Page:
The inability of this relatively small project to meet grid needs even one time could jeopardize the plant’s future. Thus, the three best practices shared this year by the plant staff focus on reliability improvement through automation, an ongoing initiative. Since the reliability improvements were implemented, the plant has maintained a 100% performance factor and an equivalent forced-outage rate demand of zero.

Generator emergency LO system

As installed, Waterside required considerable manual intervention to operate the plant in accordance with recommended procedures. Example: To monitor and control generator bearing temperature, an operator had to start and stop the emergency lube-oil pump manually when required to maintain a start permissive. The turbines would lose their start permissive when bearing temperatures fell below the required minimum. Loss of the permissive would have had a major negative financial impact on the project.

There was another concern, too. If the system were not monitored closely, the pump would run longer than required, increasing the parasitic power draw and adding to equipment wear and tear.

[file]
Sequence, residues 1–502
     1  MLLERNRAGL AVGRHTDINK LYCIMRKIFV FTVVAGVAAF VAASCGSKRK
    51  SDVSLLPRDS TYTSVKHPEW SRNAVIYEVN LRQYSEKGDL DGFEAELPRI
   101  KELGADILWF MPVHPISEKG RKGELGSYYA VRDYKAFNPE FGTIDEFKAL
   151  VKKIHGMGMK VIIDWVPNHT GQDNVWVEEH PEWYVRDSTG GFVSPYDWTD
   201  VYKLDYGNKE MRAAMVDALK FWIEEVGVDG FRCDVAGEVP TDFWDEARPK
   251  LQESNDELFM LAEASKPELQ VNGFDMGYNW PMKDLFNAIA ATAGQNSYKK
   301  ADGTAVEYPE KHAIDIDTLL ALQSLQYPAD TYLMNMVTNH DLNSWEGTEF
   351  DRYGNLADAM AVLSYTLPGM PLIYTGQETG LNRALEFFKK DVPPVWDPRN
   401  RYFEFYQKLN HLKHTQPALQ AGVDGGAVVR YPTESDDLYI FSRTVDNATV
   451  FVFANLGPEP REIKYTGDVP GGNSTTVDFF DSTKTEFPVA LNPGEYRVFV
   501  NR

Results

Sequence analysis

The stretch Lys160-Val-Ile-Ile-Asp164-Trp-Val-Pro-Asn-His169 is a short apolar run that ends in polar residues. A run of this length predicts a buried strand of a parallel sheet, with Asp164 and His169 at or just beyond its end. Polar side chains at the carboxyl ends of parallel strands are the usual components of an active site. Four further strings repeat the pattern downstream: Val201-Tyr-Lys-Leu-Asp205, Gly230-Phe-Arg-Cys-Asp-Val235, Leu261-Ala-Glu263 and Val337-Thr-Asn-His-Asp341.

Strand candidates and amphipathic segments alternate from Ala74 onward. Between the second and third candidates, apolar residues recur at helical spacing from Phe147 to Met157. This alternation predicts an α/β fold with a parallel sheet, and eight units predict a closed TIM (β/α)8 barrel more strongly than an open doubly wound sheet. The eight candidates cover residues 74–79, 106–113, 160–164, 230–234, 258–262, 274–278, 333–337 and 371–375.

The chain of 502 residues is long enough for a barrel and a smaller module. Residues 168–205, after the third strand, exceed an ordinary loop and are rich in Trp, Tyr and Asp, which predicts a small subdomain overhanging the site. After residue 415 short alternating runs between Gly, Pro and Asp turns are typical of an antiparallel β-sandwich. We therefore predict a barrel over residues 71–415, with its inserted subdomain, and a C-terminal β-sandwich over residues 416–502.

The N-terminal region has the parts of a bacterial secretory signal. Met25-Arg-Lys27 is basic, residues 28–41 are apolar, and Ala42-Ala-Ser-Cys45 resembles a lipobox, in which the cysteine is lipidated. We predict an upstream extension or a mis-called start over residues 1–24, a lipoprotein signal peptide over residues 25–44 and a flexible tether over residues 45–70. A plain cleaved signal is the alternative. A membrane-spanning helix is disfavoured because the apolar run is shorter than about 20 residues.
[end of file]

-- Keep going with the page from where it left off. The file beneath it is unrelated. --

The pump only had to run during peak hours when the plant was in the 30-minute reserve mode.

Plant elected to automate the system. The operations team opted to change the logic so when the units were in auto-synch mode (used only during the 30-minute reserve periods) the generator lube-oil system would maintain bearing temperature within the manufacturer’s specifications. Shutdown was initiated at a predetermined point to conserve wear and tear on the equipment, excess power consumption of AC fans and motors, and excess battery draw on the DC system.

There has not been a loss-of-start-permissive attributed to bearing temperature since commissioning of the automation feature. “Flawless” is the term used to describe the performance of the upgraded system.

Automation of fuel isolation